The memo generated by the league on Friday to all teams regarding changes to the coronavirus testing protocol contains a new development that could eventually go a long way toward enhancing the testing process: The NFL is now using “point of care” testing along with off-site testing for COVID-19.
Point of care is the technical term for testing that can be done without sending the sample to a lab. It’s the key to expediting the process and, eventually, knowing with sufficient certainty that anyone who enters a team facility or a stadium is negative then and there, without waiting for a result from a laboratory.
PFT has learned that point of care testing is a new addition to the broader testing protocol. The specific point of care testing that the NFL is using apparently has a much higher degree of accuracy than the league believed it had, as of just a week or so ago. Then, the league believed point of care testing had accuracy in the range of 80 to 85 percent. Now, the league believes (based on representations from the vendor) that it is 97-percent accurate.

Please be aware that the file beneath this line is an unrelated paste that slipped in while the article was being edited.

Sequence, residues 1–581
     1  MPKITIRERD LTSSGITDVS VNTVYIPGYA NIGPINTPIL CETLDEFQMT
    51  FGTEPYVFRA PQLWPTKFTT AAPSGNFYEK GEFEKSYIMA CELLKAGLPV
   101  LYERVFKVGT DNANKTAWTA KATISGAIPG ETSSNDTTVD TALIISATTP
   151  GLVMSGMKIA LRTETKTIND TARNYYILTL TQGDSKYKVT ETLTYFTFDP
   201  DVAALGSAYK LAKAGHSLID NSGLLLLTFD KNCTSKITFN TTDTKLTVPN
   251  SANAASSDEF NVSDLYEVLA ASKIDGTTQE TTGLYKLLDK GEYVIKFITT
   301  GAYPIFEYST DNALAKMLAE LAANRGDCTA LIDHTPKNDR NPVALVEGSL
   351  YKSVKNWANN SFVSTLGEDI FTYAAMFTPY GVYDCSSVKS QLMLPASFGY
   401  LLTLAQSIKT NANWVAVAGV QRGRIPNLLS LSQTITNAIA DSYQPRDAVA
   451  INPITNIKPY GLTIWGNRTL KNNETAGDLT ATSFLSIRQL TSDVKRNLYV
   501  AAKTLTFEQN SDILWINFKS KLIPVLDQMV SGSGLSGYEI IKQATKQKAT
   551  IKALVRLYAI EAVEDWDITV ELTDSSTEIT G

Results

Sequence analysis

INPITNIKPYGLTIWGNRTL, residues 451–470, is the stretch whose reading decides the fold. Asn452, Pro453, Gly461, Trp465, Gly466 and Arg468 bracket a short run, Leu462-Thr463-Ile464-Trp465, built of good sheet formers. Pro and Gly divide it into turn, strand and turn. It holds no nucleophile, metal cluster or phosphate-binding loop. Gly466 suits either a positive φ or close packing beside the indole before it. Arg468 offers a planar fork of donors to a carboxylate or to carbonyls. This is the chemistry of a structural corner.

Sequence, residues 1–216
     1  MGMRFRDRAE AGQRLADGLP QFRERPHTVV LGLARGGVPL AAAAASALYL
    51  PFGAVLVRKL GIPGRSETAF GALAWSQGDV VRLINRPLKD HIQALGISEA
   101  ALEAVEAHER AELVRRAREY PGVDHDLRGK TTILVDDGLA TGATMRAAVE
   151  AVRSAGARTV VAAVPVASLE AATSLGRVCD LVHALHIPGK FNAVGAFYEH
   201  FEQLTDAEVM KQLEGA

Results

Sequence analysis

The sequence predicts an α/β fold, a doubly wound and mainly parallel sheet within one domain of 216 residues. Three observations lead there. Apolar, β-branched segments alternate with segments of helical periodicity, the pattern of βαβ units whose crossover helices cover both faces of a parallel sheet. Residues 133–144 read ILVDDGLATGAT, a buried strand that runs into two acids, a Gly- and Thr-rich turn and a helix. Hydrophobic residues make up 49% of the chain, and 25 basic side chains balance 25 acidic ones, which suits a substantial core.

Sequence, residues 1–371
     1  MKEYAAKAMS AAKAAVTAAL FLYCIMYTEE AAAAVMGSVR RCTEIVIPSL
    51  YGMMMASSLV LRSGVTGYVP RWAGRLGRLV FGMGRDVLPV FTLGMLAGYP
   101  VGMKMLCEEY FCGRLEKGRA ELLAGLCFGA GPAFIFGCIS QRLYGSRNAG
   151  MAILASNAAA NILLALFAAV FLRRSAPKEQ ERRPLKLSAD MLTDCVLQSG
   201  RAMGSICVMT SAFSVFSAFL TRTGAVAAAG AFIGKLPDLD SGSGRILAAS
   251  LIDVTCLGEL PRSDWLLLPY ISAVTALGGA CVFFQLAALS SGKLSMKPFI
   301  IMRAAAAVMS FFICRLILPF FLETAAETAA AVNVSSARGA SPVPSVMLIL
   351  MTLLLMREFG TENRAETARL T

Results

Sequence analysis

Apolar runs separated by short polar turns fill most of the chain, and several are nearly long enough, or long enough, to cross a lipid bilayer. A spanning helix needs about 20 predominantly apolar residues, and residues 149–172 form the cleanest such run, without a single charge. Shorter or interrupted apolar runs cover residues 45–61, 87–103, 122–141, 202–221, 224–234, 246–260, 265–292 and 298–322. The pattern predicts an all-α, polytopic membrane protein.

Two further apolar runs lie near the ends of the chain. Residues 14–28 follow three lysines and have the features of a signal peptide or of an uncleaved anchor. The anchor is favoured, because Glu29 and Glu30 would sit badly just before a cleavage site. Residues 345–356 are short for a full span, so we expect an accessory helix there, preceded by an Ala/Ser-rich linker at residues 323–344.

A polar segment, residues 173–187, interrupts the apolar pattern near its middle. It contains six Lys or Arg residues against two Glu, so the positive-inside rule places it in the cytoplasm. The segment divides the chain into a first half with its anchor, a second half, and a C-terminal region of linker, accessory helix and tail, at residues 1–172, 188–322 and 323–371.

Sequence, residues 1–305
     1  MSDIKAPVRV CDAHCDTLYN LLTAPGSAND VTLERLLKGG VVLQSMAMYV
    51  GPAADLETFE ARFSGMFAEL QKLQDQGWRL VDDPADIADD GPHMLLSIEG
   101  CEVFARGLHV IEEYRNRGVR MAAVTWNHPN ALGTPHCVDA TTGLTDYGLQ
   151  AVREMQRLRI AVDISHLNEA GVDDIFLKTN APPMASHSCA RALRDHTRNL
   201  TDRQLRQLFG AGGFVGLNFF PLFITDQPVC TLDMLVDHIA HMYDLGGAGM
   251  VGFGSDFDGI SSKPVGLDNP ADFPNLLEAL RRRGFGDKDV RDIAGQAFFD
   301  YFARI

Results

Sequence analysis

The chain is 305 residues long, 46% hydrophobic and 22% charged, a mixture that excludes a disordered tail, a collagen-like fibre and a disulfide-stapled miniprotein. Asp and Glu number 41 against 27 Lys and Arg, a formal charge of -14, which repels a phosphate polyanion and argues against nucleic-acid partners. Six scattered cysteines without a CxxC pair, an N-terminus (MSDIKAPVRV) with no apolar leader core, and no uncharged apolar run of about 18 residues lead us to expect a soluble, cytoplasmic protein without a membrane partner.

That’s still not high enough for the league to use point of care testing on its own, but it’s a sign that point of care testing is getting closer and closer to where it can supplant the time-consuming process of collecting a sample and sending it away for so-called PCR analysis, which has an accuracy rate closer to 99 percent or higher.
Point of care testing will be the eventual game changer for the league. If the accuracy rate can approach or match the accuracy rate of off-site testing, teams can be more confident that they know, then and there, whether a player, coach, or essential staff member is positive or negative for the virus.
While that’s a separate issue from keeping players, coaches, and essential staff from catching the virus away from the facility, it’s a significant step in the direction of keeping anyone who has it from spreading it once they show up for work.
It is, ultimately, a tangible sign of the technical advances needed to enhance the chances of 256 regular-season games and 13 postseason games being played without significant interruption by an outbreak. Which means that the arrival of point of care testing is very good news for the prospects for the NFL’s 101st season.